• The possibility that someone from the retailer's part will be able to use your credit card in order to redraw money with out your permission, or even pas it throw to a third size, with out any option for control. [0027]
  • The possibility of redrawing money from your credit-card account, in case that someone will be able to read the information transferred on each of the internet channel's themselves, does not exist. That is because the only link between the channel's is in the credit card provider's computer's, with out completing the transaction Loop (using the information in both channels), no one can complete a transaction. Further more, if someone will attempt using one of the channels with out being able to confirm in the other, a security warning will appear at the credit card provider, and tractability over criminals will be possible. [0028]
  • No known method was able to provide this level of safety, because no other method leaves total control of the transaction in the hands of the customer in the way that the only one that can potentially be able to non contently use a credit card, is the credit card provider him self, which gives the insurance to the transaction's. In fact the CLT method is a lot more safe then telephone transaction which are much more in use, and can easily replace them. [0029]
  • Another important side effect of the CLT method is that the credit card provider can allow cheaper insurance rates which will resolve in the decreasing of the credit card transaction's costs to both the consumer and the retailer. [0030]
  • BRIEF DESCRIPTION OF THE DRAWING
  • For a better understanding of the invention please refer to FIG. 1, which illustrates the form of the transaction procedure, one which the subject invention relates to. [0031]
  • The method is based on the full isolation between the following two routs: [0032]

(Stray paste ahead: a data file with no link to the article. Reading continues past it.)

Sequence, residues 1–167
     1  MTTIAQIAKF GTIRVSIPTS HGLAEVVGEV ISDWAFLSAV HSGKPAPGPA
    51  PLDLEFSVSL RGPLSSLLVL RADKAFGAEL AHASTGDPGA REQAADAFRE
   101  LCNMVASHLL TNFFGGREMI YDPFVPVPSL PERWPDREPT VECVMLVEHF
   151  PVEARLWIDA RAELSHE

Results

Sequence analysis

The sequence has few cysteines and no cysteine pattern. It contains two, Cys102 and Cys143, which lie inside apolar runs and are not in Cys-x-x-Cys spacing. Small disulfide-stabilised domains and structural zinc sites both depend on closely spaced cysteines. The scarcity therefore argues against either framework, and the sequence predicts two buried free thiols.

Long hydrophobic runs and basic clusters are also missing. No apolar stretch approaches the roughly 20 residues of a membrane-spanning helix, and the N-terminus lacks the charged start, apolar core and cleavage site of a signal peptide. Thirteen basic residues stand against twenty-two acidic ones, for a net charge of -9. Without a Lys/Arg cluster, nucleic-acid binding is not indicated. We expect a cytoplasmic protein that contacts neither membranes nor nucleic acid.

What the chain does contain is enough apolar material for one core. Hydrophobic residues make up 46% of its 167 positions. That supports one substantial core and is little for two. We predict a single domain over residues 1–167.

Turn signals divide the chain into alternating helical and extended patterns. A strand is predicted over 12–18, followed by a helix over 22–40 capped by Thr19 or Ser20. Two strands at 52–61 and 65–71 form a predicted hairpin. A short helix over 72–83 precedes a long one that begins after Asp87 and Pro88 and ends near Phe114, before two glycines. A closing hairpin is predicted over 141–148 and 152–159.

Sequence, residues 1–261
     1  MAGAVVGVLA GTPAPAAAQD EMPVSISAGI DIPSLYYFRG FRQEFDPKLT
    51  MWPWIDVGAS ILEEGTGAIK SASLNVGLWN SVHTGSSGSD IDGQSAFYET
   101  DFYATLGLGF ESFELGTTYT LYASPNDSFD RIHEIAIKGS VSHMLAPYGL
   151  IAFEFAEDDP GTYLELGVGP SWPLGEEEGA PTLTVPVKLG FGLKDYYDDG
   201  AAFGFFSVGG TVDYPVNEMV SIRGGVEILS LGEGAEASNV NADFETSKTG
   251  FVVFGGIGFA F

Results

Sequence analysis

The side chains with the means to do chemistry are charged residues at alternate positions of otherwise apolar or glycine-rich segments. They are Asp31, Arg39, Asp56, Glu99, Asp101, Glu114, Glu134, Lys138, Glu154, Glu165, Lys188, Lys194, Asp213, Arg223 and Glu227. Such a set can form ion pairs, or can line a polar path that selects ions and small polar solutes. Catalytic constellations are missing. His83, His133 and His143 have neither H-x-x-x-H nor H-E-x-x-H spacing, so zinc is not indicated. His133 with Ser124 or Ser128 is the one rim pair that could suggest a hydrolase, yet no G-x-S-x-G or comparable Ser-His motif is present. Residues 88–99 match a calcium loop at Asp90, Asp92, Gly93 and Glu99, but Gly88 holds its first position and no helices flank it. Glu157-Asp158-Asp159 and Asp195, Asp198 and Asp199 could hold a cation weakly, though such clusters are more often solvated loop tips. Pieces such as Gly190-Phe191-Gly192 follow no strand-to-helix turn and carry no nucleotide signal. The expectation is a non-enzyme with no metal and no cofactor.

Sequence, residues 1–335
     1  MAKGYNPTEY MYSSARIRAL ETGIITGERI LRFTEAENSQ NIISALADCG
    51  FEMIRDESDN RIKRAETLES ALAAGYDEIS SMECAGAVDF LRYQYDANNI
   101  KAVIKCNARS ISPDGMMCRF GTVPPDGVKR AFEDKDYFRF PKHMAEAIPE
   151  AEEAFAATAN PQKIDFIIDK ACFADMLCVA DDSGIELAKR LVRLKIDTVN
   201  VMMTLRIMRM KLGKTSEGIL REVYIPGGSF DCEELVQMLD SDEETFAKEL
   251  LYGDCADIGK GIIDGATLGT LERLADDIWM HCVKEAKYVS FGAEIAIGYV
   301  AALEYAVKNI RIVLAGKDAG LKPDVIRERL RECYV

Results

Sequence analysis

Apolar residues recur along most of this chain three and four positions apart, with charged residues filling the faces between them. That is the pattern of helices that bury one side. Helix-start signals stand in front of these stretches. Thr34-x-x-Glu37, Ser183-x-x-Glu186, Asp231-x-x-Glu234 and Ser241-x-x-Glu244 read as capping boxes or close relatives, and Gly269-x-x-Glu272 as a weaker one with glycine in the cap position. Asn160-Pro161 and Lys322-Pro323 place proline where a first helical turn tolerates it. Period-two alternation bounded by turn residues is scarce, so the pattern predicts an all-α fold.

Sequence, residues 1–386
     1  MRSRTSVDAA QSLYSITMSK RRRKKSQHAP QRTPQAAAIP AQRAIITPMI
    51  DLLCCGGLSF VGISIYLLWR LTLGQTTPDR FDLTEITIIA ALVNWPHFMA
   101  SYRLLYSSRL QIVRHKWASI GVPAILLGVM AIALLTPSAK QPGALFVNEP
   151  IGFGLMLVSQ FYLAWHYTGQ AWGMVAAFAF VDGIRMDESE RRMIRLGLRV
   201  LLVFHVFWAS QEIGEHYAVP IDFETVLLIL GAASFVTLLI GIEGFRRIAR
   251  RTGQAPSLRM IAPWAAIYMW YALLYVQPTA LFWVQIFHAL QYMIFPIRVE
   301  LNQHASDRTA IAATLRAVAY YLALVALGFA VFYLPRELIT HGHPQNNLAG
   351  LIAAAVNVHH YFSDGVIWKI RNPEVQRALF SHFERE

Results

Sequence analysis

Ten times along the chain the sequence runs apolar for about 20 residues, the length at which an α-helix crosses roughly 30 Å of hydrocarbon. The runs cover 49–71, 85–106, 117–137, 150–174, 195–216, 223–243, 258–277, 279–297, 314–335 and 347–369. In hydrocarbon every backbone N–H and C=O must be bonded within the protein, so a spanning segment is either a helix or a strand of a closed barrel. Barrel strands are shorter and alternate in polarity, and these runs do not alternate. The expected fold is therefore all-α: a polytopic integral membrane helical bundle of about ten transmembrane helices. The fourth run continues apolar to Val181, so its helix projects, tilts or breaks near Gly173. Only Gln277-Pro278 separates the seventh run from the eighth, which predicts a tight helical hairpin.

• The Customer (A)-Retailer(C) rout. [0033]
  • The Customer (A)-Secured money holder provider(B). [0034]
  • The method consists of the following 6 CLT step's Procedure: [0035]
  • The Customer (A) files a purchase request by sending his Credit card number and a special CLT number to the Retailer site(C). [0036]
  • The Retailer (C)sends the detail's to the Secured money holder provider (B) for approval. [0037]
  • The Secured money holder provider (B) sends an authorization request to the customer(A) in a special CLT E-mail address, known only to the Secured money holder provider and the customer, alone with a special CLT code, with the request detail's for approval. [0038]
  • The customer(A) sends his approval back to the Secured money holder provider (B) [0039]
  • The Secured money holder provider (B) sends the approval back to the Retailer (C). [0040]
  • the Retailer (C) informs the customer(A) about the completion of the Transaction. This isolation lives full control of the Customers details in the hands of the secured money holder provider, with out letting the retailer any access to that information. [0041]
  • DETAILED DESCRIPTION
  • With reference to the figure, a method of providing safe commercial transactions via a network communications system is disclosed. As will be readily understood by one skilled in the art, the system on which the method resides, generally comprises a communications network, such as the internet, which has attached thereto a client unit A, a secured money holder provider (Credit card, bank, etc.) server unit B and a retailer (service/goods provider, etc.) unit C. The client unit A is usually a personal computer equipped with appropriate access software such as MICROSOFT EXPLORER, version 2.0+and NETSCAPE NAVIGATOR, version 1.2+, the secured host server B is a NETSCAPE commerce server that utilizes a 128 bit. [0042]
  • The method is based on the full isolation between the following two routs: [0043]
  • The Customer (A)-Business(C) rout. [0044]
  • The Customer (A)-Secured money holder providers) rout. [0045]